It’s Springtime for Baby Rattlers and Other Snakes

It’s Springtime for Baby Rattlers and Other Snakes

We were at our San Diego home and one of our renter’s cats caught a baby snake (which we of course saved) – and it got me thinking about the baby snakes joining the baby birds, rabbits and other mammals being born as spring ramps into full-time. I checked in with Dr. William Hayes, a herpetologist at Loma Linda University, and he provided the following info:

California Kingsnake (Wright’s Field, Alpine CA)

Most common snakes in Southern California this time of year are:

  • gopher snakes
  • western coachwhips (also known as red racers)
  • Less common: California kingsnakes and rosy boas (in rocky areas). In some areas, rattlesnakes can be as common as the non-venomous snakes.

    Western Coachwhip (Google Images)

Snakes In Search for Sex Hayes said spring is the mating season, so the males in particular travel considerable distances looking for mates, while both sexes are on the hunt for food. “As the season warms, most of these species will shift toward becoming nocturnal, especially in the hotter desert regions. They generally retreat to shade in the heat of the day, but may emerge a few hours before dark and be active a few hours in the morning,” he said.

Baby rattlesnakes Do Bite – Hayes said that with only one or two rattle segments at this time of year, baby rattlers will not be very audible with their rattling. “Fortunately, although they could potentially strike their entire body length, the babies can’t cover much distance in their strike. The adults, in contrast, can only strike about one-third their length, but this could be similar to the distance a baby is capable of lunging,” he said, adding to always stay at least three feet away from a rattlesnake. “Some kids and adult males (the combination of testosterone and alcohol are particularly deadly) may try to imitate the snake handlers they see on TV by grabbing a baby rattler by the tail, but this is a huge mistake, as the babies are much more likely than the adult to succeed in biting when grasped in this way. Although the babies have less venom available in their glands than the adults, and use less venom when they bite (contrary to popular myth), they still pack quite a punch and can cause serious injury to pets and humans alike. They need to be left alone.”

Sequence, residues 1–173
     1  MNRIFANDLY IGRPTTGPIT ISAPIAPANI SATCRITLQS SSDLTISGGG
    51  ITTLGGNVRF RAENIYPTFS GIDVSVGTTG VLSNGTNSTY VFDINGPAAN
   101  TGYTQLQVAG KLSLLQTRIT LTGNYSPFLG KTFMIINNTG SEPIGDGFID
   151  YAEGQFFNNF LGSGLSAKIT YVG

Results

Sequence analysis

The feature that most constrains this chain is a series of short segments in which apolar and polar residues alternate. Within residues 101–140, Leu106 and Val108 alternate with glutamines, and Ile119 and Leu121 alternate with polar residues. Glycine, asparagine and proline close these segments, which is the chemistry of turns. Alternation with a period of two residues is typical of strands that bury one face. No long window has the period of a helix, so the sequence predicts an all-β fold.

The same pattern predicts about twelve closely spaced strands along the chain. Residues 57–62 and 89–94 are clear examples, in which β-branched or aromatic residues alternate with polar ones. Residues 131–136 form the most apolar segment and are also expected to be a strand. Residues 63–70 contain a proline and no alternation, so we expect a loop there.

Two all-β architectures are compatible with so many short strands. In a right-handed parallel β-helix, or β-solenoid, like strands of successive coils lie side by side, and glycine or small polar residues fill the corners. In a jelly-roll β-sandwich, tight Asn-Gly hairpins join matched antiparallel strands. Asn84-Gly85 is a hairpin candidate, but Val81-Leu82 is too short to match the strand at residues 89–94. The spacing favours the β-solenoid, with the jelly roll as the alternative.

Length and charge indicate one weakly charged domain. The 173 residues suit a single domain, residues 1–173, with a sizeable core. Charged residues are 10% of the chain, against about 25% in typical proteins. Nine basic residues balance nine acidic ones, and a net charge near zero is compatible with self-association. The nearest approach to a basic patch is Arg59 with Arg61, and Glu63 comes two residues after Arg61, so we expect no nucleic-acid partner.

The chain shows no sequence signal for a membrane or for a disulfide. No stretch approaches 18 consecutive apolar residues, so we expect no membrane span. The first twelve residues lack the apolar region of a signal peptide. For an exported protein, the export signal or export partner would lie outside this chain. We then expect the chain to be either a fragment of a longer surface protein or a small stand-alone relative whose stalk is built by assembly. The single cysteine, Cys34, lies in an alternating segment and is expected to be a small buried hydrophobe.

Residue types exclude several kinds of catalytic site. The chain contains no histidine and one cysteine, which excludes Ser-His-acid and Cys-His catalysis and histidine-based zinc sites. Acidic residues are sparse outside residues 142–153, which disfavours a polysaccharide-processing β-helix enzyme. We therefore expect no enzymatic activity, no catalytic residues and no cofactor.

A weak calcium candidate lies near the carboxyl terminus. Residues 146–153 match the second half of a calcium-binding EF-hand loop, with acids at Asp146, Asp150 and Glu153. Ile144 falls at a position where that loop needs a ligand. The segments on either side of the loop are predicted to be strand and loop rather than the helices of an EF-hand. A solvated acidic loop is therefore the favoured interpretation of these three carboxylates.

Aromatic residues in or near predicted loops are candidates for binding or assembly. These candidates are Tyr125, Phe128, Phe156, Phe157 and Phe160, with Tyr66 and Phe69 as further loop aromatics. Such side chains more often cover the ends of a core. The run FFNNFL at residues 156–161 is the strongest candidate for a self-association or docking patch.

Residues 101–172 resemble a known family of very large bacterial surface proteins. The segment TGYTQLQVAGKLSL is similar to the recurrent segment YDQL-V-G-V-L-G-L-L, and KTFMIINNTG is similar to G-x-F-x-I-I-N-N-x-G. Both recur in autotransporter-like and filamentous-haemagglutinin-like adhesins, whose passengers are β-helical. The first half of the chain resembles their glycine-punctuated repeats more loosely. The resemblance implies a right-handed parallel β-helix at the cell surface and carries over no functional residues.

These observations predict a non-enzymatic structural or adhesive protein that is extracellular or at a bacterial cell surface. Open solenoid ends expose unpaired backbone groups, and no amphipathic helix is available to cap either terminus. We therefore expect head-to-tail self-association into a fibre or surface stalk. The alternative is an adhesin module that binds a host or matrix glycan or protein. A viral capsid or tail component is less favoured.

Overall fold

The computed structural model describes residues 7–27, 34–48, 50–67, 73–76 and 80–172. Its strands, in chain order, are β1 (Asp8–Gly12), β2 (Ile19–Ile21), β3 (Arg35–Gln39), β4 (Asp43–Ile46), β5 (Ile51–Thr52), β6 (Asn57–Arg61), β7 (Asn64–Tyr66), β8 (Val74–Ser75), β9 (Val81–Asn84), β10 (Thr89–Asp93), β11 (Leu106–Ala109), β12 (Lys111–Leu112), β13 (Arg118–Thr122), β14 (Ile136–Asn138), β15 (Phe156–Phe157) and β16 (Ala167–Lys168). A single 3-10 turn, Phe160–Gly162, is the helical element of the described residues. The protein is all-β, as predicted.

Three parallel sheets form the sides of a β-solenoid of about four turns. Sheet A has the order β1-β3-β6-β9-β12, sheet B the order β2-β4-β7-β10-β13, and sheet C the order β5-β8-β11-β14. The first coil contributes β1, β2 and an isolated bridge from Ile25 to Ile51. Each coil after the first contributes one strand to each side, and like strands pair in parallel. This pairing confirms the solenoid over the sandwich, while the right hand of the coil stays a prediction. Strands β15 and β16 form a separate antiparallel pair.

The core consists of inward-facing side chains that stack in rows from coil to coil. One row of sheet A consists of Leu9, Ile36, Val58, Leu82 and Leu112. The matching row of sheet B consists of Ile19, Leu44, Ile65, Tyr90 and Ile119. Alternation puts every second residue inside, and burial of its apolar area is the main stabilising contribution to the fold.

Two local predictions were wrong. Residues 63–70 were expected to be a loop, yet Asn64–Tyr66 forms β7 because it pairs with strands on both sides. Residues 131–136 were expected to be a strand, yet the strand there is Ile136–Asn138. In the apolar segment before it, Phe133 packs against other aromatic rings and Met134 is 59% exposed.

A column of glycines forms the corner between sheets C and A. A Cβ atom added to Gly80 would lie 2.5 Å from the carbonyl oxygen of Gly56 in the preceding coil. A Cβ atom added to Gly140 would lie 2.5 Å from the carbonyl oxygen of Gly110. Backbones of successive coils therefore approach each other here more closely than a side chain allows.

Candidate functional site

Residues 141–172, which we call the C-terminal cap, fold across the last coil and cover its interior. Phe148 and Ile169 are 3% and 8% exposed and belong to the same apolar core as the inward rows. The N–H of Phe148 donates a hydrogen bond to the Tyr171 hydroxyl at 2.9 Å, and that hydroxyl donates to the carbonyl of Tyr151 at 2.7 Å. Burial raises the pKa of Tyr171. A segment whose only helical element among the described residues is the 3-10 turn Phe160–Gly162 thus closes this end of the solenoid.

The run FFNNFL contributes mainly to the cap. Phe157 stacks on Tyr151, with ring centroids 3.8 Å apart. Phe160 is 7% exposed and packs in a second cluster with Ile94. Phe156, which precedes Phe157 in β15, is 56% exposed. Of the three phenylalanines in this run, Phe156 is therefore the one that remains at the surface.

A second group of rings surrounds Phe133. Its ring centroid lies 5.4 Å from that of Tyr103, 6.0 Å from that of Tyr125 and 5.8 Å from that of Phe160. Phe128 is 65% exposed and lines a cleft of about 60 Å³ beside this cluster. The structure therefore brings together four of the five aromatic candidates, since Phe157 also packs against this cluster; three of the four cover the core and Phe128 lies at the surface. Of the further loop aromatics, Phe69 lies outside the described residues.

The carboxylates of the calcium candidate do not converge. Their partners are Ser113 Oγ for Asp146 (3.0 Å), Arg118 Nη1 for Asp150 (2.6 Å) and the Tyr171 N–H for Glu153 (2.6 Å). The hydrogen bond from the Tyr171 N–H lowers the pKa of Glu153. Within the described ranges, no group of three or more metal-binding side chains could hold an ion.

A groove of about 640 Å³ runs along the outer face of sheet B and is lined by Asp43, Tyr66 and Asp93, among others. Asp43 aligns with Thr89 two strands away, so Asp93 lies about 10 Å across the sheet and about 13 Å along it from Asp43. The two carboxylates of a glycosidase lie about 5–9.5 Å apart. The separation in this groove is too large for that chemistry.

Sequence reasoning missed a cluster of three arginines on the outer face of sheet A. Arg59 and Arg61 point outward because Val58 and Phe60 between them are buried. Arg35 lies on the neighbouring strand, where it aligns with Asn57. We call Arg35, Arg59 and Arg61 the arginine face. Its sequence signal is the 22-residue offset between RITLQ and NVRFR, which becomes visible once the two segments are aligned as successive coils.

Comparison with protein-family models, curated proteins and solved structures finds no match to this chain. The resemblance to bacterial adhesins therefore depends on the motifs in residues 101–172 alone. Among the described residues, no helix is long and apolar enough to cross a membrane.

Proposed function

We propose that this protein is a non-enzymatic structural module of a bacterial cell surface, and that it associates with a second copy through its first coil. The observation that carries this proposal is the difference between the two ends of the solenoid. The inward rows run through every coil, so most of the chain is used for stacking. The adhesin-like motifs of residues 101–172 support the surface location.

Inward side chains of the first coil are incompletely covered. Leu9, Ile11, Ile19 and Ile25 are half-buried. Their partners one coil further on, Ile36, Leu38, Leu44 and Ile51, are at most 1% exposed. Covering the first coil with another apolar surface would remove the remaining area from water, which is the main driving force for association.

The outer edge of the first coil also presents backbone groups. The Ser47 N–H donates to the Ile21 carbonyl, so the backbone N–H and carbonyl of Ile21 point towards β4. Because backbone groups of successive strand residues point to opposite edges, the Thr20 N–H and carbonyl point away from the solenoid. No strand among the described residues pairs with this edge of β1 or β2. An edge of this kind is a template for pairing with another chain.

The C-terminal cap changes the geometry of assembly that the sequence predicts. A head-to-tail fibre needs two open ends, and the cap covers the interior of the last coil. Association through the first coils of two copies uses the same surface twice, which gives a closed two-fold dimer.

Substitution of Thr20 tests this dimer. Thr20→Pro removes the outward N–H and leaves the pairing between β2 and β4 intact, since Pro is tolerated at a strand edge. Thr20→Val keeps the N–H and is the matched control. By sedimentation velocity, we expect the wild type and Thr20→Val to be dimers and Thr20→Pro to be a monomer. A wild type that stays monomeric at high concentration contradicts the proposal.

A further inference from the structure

If you’re interested in more rattlesnake info, see my prior post Some Truths about Rattlesnakes (and myth debunking )

Why you might hear that snakes are active unusually early” Hayes explains that temperature is the biggest factor affecting movement. Snakes remain underground when it is cold, and become active when it’s warm. “During warm spells, with sunny temperatures above 65-70 F, snakes will be out and about, looking for food and mates. This can happen even during the winter months, when we’ve occasionally seen rattlesnakes consume a meal. That’s life here in southern California,” he said.

Rattlesnake versus gopher snake

 

About Linda Richards

My goal is to educate about the science of nature in layperson speak, through my writing, science and education background. I grew up in the Chicago area, loved living in Minneapolis before gravitating to the West, which is now home.

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